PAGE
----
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WASHINGTON -- Friday's funeral service for Rev. Clementa Pinckney won't be the first time President Barack Obama delivers a high-profile eulogy; with a year-and-a-half remaining in office, it may not be the last.
But when the President stands in historic downtown Charleston to remember the slain pastor and eight others shot down in their church last week, his speech will move beyond just grief for the victims -- Obama will step directly into a national conversation about race in which he plays a central role.
The President, first lady Michelle Obama, Vice President Joe Biden, a bipartisan host of high-level members of Congress and Hillary Clinton were all headed to TD Arena on Friday for the memorial service more than a week after a 21-year-old man opened fire at a Bible study inside Charleston's Emanuel African Methodist Episcopal Church.
The shooter declared he was there to "kill black people," and an online manifesto attributed to him contained white supremacist screeds.
Obama, responding to the shooting hours into its aftermath, said the attack "raises questions about a dark part of our history" and called racism "a particular threat to our democracy and our ideals."
Later, speaking during a podcast interview, he candidly addressed new questions about American racism prompted by the attack, using the N-word to explain that suggestions the country has been "cured" of racism are misguided.
The topic of race -- along with new calls for gun control -- aren't off the table for Friday's eulogy, according to White House Press Secretary Josh Earnest, who said the President was still working through drafts of the speech with his chief speechwriter Cody Keenan.
The focus, he said, would remain the nine victims of last Wednesday's massacre, many of whom were leaders in the church.
"The President will be mindful of not just how sad it is that those individuals were taken from us, but also use the occasion to celebrate their lives," Earnest said. "It's clear that we're talking about some rather remarkable people who have led rather remarkable lives."
If Obama does make calls for more restrictive gun laws, he'll follow a model he set in Newtown, Connecticut, when during remarks at a memorial service after the 2012 school massacre he made a direct call for tighter gun control laws.
However, at other funerals and vigils following shootings, including in Tucson, Arizona, and Aurora, Colorado, he's steered clear of the gun control issue.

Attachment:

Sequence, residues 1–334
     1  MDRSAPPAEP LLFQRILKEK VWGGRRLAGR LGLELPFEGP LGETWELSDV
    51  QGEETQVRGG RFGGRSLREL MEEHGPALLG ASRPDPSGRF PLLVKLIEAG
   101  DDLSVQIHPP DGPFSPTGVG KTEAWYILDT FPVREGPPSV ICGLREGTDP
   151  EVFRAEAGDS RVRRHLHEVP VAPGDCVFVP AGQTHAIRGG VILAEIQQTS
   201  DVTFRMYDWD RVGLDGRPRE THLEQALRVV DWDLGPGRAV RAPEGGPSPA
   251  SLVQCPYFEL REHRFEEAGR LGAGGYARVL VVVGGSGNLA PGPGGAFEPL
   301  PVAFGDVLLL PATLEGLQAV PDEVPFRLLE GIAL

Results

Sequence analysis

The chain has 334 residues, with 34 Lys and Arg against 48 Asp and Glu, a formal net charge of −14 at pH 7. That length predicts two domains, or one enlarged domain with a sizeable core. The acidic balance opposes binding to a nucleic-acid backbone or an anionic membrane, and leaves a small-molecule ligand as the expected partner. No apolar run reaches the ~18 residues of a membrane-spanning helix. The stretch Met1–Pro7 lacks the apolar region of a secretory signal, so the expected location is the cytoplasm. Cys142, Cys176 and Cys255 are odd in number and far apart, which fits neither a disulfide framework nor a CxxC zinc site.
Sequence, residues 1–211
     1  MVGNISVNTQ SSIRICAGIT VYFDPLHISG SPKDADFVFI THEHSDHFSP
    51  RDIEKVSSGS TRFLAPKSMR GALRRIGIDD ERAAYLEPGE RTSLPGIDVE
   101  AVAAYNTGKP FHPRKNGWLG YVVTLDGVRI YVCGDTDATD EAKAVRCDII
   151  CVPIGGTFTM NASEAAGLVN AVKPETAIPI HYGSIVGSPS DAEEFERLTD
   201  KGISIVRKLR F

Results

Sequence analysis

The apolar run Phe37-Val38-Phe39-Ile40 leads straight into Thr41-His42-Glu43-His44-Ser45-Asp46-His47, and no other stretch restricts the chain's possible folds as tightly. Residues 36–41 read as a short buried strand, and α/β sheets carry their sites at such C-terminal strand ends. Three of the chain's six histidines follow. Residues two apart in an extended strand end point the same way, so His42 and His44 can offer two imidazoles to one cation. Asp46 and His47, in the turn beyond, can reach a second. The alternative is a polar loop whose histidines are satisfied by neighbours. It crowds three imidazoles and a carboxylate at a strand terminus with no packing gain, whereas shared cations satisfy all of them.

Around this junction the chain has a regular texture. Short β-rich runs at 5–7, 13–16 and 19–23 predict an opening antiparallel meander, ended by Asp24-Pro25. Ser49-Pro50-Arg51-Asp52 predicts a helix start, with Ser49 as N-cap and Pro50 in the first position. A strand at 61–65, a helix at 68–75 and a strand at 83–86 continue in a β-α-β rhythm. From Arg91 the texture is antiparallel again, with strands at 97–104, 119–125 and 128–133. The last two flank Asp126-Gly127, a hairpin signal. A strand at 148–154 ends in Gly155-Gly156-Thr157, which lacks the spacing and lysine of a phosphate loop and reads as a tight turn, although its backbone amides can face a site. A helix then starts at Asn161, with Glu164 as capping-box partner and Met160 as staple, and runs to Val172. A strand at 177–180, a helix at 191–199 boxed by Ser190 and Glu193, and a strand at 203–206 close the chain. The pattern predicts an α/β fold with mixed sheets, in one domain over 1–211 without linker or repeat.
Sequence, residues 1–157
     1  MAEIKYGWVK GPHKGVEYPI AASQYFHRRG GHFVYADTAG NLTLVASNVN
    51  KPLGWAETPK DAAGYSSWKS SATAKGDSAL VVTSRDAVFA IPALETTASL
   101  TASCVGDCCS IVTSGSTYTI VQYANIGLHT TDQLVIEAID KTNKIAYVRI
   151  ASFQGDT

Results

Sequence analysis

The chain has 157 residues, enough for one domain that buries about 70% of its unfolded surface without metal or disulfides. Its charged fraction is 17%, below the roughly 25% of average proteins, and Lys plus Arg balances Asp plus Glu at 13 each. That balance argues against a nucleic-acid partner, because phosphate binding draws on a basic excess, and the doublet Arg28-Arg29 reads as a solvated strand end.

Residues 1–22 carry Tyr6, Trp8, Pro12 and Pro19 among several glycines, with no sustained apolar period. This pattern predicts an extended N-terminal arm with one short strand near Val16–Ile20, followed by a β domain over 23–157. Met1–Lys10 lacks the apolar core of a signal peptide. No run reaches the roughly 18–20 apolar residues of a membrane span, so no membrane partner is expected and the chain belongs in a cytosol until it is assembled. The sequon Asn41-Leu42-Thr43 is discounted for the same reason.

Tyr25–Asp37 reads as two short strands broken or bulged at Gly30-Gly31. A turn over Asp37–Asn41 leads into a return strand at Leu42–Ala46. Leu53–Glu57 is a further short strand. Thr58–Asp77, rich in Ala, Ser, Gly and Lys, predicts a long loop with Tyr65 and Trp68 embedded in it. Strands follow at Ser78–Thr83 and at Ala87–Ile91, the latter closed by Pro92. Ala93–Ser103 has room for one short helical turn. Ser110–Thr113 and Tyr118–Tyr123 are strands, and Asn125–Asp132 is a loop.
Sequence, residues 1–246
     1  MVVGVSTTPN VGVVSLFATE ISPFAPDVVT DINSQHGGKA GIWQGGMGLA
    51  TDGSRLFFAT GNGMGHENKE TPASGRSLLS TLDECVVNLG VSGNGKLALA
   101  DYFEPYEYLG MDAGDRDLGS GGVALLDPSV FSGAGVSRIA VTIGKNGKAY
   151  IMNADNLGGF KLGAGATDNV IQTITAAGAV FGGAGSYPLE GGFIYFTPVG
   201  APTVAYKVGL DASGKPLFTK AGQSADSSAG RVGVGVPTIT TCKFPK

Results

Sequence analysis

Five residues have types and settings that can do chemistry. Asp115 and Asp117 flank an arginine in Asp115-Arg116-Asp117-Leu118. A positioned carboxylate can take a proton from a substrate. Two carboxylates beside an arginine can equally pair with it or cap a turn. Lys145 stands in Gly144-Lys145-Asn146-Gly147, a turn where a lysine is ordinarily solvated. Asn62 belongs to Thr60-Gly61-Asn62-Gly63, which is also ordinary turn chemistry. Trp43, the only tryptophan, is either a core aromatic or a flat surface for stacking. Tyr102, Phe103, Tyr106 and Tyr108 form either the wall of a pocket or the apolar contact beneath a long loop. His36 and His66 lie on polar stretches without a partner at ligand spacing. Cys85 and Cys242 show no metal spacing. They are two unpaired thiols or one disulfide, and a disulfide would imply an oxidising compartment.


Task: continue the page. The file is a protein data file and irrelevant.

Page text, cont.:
The shooting in Charleston left Obama "shaken," according to Rep. James Clyburn, a South Carolina Democrat who spoke with Obama the morning after the incident.
Unlike past times Obama has confronted an act of violence, he knew the highest profile victim of the Charleston shooting personally. Obama met Pinckney as an early supporter of his 2008 presidential bid. Biden met the pastor and state lawmaker less than a year ago at a prayer breakfast in the state capital.
That personal connection will differentiate Friday's eulogy from the funerals Obama keynoted after previous shootings. So, too, will the renewed questions on race spurred by the shooter's apparent motivations.
Around the country, traditional symbols of the Confederacy have come under renewed scrutiny, including the Confederate flag that flies at the South Carolina State House.
Obama himself used some of his bluntest language to date on race during an interview with comedian Marc Maron on Friday, saying that just because the N-word is no longer used frequently in public, "that's not the measure of whether racism still exists or not."
The moment was a distant cry from the earlier days of Obama's presidency, when he studiously avoided discussing race or the implications of his election to office.
"I think that the President has grown very weary of having to circumvent these issues, which a lot of people thought was the appropriate thing for him to do as president of the United States," Clyburn said. "But I think he has reached a conclusion that he needs to meet this issue head on."
By Kevin Liptak
CNN White House Producer